According to a study, ChatGPT can be tricked into generating malicious code that could be utilized for launching cyberattacks. OpenAI’s tool, along with similar chatbots, has the capability to create written content based on user commands, as they have been trained on vast amounts of text data from the internet.
These tools are designed with safeguards to prevent misuse and address issues such as biases. However, bad actors have turned to purpose-built alternatives like the dark web tool called WormGPT, which experts warn can aid in the development of large-scale attacks.
Nevertheless, researchers at the University of Sheffield have cautioned that vulnerabilities also exist in mainstream options like ChatGPT and a similar platform created by the Chinese company Baidu. These vulnerabilities can be exploited to manipulate these tools into assisting in activities such as database destruction, personal information theft, and service disruptions.
One of the co-leaders of the study, Xutan Peng, a computer science PhD student, stated, “The risk with AI tools like ChatGPT is that more and more people are using them as productivity tools, rather than as a conversational bot. This is where our research shows the vulnerabilities are.”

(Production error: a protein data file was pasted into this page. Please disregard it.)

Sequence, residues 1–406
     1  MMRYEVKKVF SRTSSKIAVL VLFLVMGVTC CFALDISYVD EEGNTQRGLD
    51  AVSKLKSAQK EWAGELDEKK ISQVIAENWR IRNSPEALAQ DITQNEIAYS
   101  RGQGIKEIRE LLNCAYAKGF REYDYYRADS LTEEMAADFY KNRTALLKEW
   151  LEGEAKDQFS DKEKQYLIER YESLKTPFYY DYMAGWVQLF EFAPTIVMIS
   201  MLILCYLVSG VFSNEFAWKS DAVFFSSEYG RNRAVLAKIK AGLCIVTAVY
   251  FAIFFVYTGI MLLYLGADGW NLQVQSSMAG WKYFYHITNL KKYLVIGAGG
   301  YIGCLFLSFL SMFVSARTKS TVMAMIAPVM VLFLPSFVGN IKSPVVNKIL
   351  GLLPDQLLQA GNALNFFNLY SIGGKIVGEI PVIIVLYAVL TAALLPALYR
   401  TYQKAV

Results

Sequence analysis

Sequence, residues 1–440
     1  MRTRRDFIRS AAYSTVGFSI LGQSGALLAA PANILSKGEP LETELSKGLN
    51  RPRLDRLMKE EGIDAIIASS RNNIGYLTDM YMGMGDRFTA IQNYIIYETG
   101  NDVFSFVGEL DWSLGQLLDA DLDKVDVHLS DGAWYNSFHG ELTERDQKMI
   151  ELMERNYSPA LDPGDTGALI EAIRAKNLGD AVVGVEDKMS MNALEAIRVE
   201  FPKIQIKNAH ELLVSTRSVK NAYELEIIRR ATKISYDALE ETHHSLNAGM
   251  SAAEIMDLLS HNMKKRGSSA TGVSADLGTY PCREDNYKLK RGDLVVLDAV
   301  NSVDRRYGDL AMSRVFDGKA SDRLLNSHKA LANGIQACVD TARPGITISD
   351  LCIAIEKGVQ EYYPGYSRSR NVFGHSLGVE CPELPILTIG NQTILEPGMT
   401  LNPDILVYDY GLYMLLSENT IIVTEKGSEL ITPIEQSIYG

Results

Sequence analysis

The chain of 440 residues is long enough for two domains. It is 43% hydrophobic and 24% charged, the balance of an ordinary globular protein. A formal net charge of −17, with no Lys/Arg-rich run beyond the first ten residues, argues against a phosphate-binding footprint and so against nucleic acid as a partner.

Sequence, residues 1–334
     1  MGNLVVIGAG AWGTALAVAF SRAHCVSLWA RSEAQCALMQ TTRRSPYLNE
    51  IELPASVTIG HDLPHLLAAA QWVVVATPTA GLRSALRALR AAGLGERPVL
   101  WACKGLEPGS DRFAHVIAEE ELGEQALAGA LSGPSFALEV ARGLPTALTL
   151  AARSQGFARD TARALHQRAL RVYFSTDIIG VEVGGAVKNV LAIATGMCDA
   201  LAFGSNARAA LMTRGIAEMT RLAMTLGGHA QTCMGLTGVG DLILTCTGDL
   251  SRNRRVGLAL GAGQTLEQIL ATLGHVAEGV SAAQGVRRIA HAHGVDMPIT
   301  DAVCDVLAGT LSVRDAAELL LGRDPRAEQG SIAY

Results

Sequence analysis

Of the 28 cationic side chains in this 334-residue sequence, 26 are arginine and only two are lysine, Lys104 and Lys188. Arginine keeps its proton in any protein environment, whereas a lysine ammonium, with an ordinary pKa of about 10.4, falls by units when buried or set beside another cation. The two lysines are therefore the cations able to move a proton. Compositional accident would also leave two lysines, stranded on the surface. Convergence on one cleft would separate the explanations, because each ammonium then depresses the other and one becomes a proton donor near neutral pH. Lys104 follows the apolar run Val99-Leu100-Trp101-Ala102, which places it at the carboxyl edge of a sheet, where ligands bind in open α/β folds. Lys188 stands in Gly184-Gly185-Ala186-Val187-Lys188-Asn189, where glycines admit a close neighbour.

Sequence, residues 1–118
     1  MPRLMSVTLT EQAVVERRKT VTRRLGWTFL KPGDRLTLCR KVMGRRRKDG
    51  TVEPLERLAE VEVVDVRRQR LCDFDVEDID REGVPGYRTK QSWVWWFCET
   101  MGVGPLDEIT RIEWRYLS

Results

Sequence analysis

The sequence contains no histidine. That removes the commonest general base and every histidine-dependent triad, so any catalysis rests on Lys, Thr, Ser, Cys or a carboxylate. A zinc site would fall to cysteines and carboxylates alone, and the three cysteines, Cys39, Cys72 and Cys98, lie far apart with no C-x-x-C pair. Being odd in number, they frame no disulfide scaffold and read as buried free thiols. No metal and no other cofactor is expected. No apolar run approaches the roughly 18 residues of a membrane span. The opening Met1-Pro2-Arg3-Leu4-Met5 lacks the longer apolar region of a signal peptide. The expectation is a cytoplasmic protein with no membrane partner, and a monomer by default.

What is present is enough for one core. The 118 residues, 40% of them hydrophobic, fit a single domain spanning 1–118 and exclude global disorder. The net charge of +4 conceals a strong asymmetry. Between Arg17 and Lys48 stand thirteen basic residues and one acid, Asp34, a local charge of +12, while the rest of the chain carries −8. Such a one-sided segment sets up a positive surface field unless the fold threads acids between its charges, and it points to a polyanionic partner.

\”This is where our research shows the vulnerabilities are.\”
AI-generated code ‘can be harmful’
Similar to how generative AI tools can unintentionally provide incorrect information when answering questions, they can also unknowingly create potentially damaging computer code. Mr. Peng suggested that a nurse could use ChatGPT to write code for navigating a database of patient records. He stated, “Code produced by ChatGPT in many cases can be harmful to a database.” In this scenario, the nurse could cause serious data management errors without even receiving a warning.
During the study, the researchers themselves were able to create malicious code using Baidu’s chatbot. Baidu has acknowledged the research and taken steps to address and fix the reported vulnerabilities.
These concerns have led to calls for greater transparency in the training of AI models, so that users can better understand and identify potential issues with the answers provided. Cybersecurity research firm Check Point has also urged companies to enhance their protections as AI poses a threat of enabling more sophisticated attacks. The topic will be discussed at the UK’s AI Safety Summit next week, where world leaders and industry giants have been invited by the government to come together and explore the opportunities and risks associated with the technology.